Saturday, October 11, 2014

Debate on assisted suicide

With the story of Brittany Maynard circling the internet, I recently got in a debate on physician-assisted suicide with my friend, roommate, frequent sparring partner: the free speech champion and (in?)famous Hopkins Voice for Life founder Andrew Guernsey. It spilled over onto Facebook when he posted an article by prominent social conservative blogger Matt Walsh criticizing the public's widespread support for her decision. Several other people commented on the link as well and it eventually turned into a pretty sprawling discussion. In the interests of brevity and focusing the debate I will only post his posts, my own, and those we directly responded to (under pseudonyms, as I always use in courtesy to those who are unaware they're being quoted).

The condensed transcript is below. I will update it as new comments and rebuttals are added.

Andrew Guernsey (AG): "If you are saying that it is dignified and brave for a cancer patient to kill themselves, what are you saying about cancer patients who don’t? What about a woman who fights to the end, survives for as long as she can, and withers away slowly, in agony, until her very last breath escapes her lungs?Is that person not brave?" (quoting the Walsh article)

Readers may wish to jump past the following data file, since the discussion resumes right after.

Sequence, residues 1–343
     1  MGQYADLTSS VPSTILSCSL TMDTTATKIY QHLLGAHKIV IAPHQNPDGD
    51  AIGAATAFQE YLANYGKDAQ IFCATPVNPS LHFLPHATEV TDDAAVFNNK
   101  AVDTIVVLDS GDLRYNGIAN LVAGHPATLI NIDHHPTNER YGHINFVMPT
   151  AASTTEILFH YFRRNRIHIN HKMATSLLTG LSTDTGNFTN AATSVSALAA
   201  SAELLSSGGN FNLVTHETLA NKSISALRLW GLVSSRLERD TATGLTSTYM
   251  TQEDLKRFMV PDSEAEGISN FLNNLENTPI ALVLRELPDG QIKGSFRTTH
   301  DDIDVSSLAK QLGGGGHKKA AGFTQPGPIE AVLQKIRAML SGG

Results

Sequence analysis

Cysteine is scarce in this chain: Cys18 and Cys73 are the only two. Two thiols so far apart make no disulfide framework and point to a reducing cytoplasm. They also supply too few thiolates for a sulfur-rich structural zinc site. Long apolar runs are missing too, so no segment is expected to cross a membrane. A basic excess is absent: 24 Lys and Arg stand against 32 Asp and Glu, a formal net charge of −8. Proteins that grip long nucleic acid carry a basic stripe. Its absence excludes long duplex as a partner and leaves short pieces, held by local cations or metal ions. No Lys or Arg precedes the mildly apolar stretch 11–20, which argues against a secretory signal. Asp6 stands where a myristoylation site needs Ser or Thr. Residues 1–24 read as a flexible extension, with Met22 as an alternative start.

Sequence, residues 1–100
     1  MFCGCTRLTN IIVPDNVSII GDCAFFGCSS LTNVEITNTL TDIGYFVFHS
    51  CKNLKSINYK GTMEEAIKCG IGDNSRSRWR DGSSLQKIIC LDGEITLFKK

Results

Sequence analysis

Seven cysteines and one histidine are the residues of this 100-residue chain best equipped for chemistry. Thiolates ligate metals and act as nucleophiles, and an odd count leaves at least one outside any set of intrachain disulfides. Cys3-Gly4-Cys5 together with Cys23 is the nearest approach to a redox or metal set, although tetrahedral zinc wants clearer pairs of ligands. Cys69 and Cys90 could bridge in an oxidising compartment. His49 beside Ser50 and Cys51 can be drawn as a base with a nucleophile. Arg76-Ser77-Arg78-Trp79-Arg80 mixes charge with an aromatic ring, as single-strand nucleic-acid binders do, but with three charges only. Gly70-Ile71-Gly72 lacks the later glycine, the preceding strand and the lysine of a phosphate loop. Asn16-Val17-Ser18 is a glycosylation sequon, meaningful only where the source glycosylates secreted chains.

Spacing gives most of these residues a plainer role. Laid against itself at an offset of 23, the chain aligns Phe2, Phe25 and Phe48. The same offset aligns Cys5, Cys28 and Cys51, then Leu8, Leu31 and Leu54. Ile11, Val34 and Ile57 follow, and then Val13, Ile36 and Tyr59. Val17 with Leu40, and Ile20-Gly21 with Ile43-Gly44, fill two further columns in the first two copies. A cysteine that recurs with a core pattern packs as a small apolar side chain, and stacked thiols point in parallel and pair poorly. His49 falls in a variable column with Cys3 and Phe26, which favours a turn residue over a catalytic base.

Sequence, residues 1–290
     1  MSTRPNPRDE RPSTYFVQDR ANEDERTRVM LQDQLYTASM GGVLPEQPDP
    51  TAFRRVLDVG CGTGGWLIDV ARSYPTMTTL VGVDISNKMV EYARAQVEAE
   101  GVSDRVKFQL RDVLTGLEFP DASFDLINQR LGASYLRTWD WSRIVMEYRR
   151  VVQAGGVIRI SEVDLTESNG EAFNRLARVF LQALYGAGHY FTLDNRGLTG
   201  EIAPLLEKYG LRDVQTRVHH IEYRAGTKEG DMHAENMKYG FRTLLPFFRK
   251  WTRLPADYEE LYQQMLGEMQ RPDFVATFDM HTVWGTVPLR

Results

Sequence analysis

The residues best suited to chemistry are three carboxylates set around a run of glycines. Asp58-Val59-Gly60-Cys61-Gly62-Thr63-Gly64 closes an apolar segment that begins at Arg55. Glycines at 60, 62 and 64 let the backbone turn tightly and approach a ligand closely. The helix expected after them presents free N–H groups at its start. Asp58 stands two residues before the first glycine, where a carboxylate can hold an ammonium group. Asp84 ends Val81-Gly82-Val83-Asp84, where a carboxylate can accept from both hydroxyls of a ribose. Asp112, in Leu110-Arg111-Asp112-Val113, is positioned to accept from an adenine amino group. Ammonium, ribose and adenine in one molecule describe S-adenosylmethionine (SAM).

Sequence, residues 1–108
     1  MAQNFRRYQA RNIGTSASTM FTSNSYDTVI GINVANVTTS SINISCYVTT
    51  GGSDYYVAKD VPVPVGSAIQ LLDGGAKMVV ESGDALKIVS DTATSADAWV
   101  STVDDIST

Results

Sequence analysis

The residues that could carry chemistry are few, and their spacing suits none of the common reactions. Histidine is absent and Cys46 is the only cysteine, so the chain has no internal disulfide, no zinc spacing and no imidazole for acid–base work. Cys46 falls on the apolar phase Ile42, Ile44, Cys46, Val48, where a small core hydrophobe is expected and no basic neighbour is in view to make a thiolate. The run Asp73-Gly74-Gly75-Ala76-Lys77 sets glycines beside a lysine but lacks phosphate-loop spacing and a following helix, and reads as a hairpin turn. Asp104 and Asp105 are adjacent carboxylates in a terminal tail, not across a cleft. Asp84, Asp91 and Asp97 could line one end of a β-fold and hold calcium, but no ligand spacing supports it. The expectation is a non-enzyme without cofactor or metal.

John: Or just both are brave and take a lot of strength to do.

AG: If everyone is brave, then nobody is. Bravery implies a noble cause as well as strength. The paths of despair and of perseverance cannot both be noble.

John: Not sure how that applies here. Choosing between suicide or suffering til you die is a pretty hard decision. Neither choice is easy and it takes a lot of bravery and strength to go through with both.

AG: If all choices are equally moral and equally brave then why seek to prevent or dissuade people from suicide in the first place--isn't that judgmental? The fact is, we don't get to decide whether human life has value. Our lives are all free, unconditional and unmerited gifts from our Creator, and each of us is created to be loved--and our choices and attitudes can't change this reality---to boot, it's even written into the Declaration as the sort of first principles of our nation's founding. Even John Stuart Mill agreed about suicide that speaking of liberty without life is a nonsensical proposition. The fundamental divide here appears seems to be between those who admit it's a wonderful life (get the reference) and those who think life is an empty void where we have create our own rules/meaning and invent right and wrong/good and evil for ourselves. It all comes down to first principles of moral action. I can't disprove nihilism---I don't need to---it disproves itself.